European academies of science present SAPEA report on carbon capture and utilisation (CCU)
Brussels, 23 May 2018
How can we utilise carbon dioxide so that it is not released into the atmosphere? This is the question addressed by SAPEA in the second Evidence Review Report, which was published on 23 May. The report calls for carbon capture and utilisation (CCU) technologies to be included in a holistic strategy for combatting climate change.
Carbon capture and utilisation (CCU) could provide a valuable means of reducing CO2 emissions in order to combat climate change. However, the topic receives little attention in long-term climate protection strategies. SAPEA (Science Advice for Policy by European Academies) has carried out an in-depth investigation of CCU technology. The working group of European academies was co-chaired by Robert Schlögl (acatech, Fritz Haber Institute, Germany, and Max Planck Institute for Chemical Energy Conversion, Mülheim a.d. Ruhr) and Marco Mazzotti (ETH Zurich, Switzerland).
The scientists involved in the project call for CCU technologies to be considered in all the measures, regulations and incentives relating to the energy system. Moreover, this should be done in a holistic, integrated, coordinated and transparent manner. However, in order for CCU to be deployed affordably and at scale, further development of the technology will be required in areas such as the collection and purification of CO2 from different sources and its conversion into fuels and chemicals.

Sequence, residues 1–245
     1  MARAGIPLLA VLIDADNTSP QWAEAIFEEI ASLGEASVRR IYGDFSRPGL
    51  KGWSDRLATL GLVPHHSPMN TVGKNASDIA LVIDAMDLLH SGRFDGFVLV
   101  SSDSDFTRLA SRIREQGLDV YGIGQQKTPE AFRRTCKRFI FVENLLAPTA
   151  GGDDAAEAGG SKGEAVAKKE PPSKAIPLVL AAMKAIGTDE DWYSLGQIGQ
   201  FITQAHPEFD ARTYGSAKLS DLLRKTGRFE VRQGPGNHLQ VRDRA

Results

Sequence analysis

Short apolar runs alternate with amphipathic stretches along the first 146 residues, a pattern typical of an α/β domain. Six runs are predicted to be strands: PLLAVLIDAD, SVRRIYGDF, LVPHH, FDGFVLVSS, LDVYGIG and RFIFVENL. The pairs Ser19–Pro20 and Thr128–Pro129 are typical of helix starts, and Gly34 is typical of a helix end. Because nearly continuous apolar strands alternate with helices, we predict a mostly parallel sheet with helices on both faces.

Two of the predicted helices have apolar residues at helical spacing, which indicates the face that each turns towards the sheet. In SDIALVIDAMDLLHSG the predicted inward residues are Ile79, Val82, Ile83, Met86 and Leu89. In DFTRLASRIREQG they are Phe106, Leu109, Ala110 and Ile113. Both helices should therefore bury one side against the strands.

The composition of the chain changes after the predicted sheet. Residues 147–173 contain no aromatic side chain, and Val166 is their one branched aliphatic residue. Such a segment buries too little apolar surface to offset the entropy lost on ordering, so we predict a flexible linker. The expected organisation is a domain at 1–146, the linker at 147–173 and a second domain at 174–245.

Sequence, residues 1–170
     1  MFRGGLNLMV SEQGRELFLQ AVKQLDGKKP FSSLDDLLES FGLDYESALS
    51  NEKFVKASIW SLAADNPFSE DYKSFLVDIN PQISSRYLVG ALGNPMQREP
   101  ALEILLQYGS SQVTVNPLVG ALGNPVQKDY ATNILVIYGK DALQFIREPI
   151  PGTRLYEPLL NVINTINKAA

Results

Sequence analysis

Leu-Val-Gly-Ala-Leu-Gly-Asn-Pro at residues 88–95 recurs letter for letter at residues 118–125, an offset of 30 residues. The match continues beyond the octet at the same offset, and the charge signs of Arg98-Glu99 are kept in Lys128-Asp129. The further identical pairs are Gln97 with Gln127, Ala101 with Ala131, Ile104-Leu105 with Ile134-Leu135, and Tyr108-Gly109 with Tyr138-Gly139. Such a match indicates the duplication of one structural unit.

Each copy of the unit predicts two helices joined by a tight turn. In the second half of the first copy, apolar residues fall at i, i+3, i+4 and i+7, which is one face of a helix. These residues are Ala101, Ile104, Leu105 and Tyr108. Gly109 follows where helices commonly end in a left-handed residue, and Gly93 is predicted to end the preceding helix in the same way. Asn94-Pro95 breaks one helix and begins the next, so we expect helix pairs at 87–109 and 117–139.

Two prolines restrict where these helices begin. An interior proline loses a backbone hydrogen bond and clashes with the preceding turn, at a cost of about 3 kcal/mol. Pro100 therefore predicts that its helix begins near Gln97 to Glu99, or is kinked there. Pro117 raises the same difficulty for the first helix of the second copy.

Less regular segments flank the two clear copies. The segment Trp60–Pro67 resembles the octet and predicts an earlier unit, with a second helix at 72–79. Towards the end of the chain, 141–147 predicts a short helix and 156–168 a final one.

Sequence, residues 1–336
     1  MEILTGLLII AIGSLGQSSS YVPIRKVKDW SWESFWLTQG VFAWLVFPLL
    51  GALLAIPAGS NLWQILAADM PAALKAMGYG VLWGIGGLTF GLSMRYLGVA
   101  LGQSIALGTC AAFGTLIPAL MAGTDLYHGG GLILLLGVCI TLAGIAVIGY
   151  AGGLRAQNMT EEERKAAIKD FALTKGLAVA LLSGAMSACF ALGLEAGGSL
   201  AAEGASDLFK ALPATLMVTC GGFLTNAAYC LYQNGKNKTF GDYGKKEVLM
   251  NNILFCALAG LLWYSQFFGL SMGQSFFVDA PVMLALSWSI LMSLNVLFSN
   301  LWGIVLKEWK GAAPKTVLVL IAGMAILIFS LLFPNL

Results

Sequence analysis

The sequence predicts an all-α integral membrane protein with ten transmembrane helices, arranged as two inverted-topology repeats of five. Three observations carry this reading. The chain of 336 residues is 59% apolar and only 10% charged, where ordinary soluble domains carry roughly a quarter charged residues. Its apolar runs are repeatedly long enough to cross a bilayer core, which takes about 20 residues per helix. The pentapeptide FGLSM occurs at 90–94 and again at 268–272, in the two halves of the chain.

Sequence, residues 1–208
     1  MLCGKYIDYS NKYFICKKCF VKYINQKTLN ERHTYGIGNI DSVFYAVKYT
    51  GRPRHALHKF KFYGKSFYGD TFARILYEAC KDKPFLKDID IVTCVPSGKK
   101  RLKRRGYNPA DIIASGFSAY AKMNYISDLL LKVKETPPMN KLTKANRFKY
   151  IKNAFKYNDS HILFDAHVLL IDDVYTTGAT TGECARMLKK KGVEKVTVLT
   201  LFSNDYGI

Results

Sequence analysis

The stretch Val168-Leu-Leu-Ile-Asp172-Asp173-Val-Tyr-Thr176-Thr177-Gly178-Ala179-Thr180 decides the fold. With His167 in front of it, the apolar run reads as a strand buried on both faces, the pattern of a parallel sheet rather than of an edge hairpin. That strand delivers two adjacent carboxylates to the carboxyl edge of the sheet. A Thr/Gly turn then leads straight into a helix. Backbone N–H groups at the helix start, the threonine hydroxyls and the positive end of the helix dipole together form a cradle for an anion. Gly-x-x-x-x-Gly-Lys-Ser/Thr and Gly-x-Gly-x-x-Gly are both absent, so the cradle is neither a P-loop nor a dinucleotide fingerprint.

The SAPEA Evidence Review Report informed the Scientific Opinion of the European Commission’s Group of Chief Scientific Advisors, chaired by Rolf Heuer, former Director General of the European Organization for Nuclear Research (CERN). The Scientific Opinion, published to coincide with the Third Mission Innovation Ministerial Meeting in Sweden, was in response to a request from EU Climate Action and Energy Commissioner Miguel Arias Cañete.
Speaking at the launch of the SAPEA Evidence Review Report, Chair of the SAPEA Board Bernard Charpentier said: “SAPEA is delighted to present its second Evidence Review Report. This report is the result of hard work and commitment from our working group, who have shown dedication to explaining what current knowledge can tell us about potential future developments in the field of CO2 management, energy and climate action. This topic is another example of successful collaboration with the Group of Chief Scientific Advisors and we are pleased to have had the opportunity to contribute to policy making in this important area.”
The EU project SAPEA (Science Advice for Policy by European Academies) brings together the expertise of more than 100 academies across Europe, each with hundreds of members of their own, that are organised in the five European Academy Networks: Academia Europaea, ALLEA, EASAC, Euro-CASE and FEAM. The academies work within the European Commission’s Scientific Advice Mechanism (SAM), which aims to provide independent scientific advice for EU policymaking. The project also seeks to strengthen European and transdisciplinary cooperation between academies from more than 40 European countries. The SAPEA project is coordinated by acatech.